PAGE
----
Published by the Society for Neuroscience and overseen by an editorial board of leading neuroscientists from around the world, BrainFacts.org shares the stories of scientific discovery and the knowledge they reveal.
Relaunched in the fall of 2017, the site affirms its continued commitment to neuroscience literacy and outreach to the public. The corresponding book has also seen a recent relaunch.
I had the pleasure and privilege of writing Chapter 15: Neurodegenerative Diseases.
Prions are a type of protein gone wrong. The complex three-dimensional structure of a prion’s progenitor protein has been altered, somehow causing it to no longer function as expected. Worse, the malformation of these progenitor proteins into prions causes them to aggregate into amyloid plaques that can result in a disease state. Prions are responsible for an odd sort of protein-caused infectious neurodegenerative diseases like Mad Cow disease and scrapie in livestock.
Neuroscientists at the Massachusetts Institute of Technology have provided evidence opposing the current model for how working memory operates at the cellular level. The current model says the cellular basis for working memory lies in consistent, sustained activity by brain cells, or neurons. Results from the MIT study, published in the March 17 issue of the scientific journal Neuron, shows the story is more complex, that brain cells involved in working-memory tasks are activated discretely and sporadically.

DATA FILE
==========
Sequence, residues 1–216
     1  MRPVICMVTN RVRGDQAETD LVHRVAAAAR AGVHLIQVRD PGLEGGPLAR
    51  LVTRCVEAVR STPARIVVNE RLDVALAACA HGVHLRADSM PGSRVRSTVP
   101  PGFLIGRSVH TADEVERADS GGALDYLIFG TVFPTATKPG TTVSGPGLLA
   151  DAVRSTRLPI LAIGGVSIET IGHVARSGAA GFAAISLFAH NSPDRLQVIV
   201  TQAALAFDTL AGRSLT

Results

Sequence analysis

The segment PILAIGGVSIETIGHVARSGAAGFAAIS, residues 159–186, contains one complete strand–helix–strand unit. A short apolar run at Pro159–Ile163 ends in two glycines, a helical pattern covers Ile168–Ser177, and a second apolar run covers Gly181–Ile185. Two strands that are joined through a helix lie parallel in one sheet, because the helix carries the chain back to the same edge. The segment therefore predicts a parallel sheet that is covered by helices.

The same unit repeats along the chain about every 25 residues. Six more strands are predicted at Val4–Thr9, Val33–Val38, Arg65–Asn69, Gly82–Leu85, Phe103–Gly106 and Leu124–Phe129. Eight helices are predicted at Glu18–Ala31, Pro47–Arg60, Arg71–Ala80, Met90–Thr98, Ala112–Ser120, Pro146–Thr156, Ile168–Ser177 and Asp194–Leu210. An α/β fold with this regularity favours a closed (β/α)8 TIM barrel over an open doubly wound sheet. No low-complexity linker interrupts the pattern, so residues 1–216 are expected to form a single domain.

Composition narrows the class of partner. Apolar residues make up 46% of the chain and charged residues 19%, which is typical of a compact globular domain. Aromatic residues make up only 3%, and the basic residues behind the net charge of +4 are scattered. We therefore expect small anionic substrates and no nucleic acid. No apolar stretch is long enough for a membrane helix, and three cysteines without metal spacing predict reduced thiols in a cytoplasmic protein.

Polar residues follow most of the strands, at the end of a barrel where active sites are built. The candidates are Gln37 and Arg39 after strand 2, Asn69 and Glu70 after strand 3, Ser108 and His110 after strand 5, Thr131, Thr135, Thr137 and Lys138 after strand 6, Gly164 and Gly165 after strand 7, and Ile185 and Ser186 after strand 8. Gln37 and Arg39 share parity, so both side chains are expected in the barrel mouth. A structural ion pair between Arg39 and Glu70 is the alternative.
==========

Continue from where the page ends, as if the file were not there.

In the spring of 2004, Antonio Ulloa was visiting San Francisco, California, for the Cognitive Neuroscience Society meeting when he was beset with nausea and a feeling of intoxication. A postdoc at the National Institutes of Health’s (NIH’s) National Institute on Deafness and Other Communication Disorders at the time, he was at the conference to present his neuroimaging studies about short-term memory and to network and scout possible employers. He remembers presenting and participating at the conference but not much else from the trip other than lying in bed. Upon returning home to Washington, D.C., he was diagnosed with testicular cancer.